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J Natl Cancer Inst. 1994 Nov 2;86(21):1627-34.

Identification of a potentially radiosensitive subgroup among patients with breast cancer.

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  • 1Queensland Cancer Fund Research Unit, Queensland Institute of Medical Research, Bancroft Centre, Brisbane, Australia.



The description of genes and genetic syndromes, such as ataxia-telangiectasia, that predispose some women to breast cancer will provide greater insight into the genetic basis of cancer susceptibility.


Our goal was to establish cell lines from patients with breast and bladder cancers, to screen for enhanced levels of radiation-induced arrest in the G2 phase of the cell cycle such as is observed in ataxia-telangiectasia heterozygotes, and to correlate G2 arrest with other prognostic indicators of these cancers and in vivo radiosensitivity.


Epstein-Barr virus-transformed lymphoblastoid cells were established from 108 female patients with breast cancer and 24 age-matched female control subjects, and from 45 patients with bladder cancer and 18 age-matched control subjects. Cells were exposed to 3 Gy of gamma radiation, and the percentages of cells in G1 and G2 phases were determined at 18 and 24 hours after irradiation by fluorescence-activated cell sorter analysis. Postirradiation delay in G2 phase was determined by calculating the percentage of cells in G2 and by using the ratio G2/G1.


When we determined the percentage of cells in G2 phase at 18 hours after irradiation in 108 lymphoblastoid cells from breast cancer patients, we observed an increase of between 3% and 38% in the number of cells in G2 phase in comparison with cells that were not irradiated. Comparison with previous G2-phase arrest data for ataxia-telangiectasia heterozygotes using a cutoff point at 29% delay demonstrated that 20% and 8% of the breast cancer cell lines of the case patients and control subjects, respectively, fell into that category (P < .001). At the same time after irradiation, it was not possible to distinguish between bladder cancer cell lines (7%) and those of the corresponding control group (6%). Assessment of radiation effects by G2/G1 ratio showed that 18% of the breast cancer patients and 8% of the control subjects were in the high range. When G2 arrest was correlated with other prognostic factors, we found that case patients with a greater G2 block were more likely to have had a family history of breast cancer (P < .006) and more aggressive tumors when assessed by number of involved lymph nodes (P < .002) and tumor size (P < .05). Furthermore, an adverse response to radiotherapy was observed in a group of patients with high G2 arrest.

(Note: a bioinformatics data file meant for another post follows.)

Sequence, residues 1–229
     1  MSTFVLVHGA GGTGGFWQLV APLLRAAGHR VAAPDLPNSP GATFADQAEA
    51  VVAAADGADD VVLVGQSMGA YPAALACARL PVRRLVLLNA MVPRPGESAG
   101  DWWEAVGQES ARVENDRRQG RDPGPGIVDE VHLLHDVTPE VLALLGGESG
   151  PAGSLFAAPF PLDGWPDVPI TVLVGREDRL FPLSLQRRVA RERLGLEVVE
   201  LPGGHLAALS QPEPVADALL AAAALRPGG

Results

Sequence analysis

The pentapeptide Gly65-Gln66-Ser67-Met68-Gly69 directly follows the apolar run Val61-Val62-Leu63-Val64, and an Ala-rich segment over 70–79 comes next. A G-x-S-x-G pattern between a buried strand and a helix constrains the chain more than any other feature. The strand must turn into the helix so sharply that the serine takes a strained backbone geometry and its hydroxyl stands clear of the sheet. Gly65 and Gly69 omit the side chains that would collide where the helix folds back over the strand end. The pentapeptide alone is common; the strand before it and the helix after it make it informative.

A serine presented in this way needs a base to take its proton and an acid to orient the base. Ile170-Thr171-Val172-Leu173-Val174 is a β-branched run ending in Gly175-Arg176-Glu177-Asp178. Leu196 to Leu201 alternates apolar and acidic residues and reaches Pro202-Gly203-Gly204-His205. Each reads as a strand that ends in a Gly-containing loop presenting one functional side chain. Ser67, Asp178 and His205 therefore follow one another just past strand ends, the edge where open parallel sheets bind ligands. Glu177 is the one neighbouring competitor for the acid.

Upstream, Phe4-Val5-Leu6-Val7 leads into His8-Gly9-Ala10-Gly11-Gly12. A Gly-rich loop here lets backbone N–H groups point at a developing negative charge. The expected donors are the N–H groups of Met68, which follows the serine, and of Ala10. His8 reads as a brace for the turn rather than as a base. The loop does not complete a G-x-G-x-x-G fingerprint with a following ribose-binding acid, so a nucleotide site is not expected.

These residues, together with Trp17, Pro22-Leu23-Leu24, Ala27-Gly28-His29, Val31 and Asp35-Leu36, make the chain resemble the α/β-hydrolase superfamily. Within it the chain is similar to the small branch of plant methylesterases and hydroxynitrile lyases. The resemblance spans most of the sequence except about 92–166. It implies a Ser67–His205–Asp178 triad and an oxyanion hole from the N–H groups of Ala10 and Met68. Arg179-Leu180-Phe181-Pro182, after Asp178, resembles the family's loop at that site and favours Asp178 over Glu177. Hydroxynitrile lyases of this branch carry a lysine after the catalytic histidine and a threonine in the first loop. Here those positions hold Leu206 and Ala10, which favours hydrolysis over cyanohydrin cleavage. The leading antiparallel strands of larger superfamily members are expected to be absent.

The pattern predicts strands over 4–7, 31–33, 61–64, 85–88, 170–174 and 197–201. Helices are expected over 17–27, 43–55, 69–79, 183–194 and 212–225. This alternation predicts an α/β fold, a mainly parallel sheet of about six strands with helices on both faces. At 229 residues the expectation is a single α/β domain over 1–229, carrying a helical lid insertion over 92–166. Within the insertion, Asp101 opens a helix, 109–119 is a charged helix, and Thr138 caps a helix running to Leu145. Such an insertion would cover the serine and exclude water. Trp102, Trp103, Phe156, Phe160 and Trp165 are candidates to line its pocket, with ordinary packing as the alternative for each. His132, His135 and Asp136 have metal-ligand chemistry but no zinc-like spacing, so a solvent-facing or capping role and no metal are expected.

While the postirradiation increase in G2-phase arrest in cells from breast cancer patients observed in this study may indicate genetic heterozygosity for ataxia-telangiectasia, it might also reflect other genetic abnormalities important to breast cancer.

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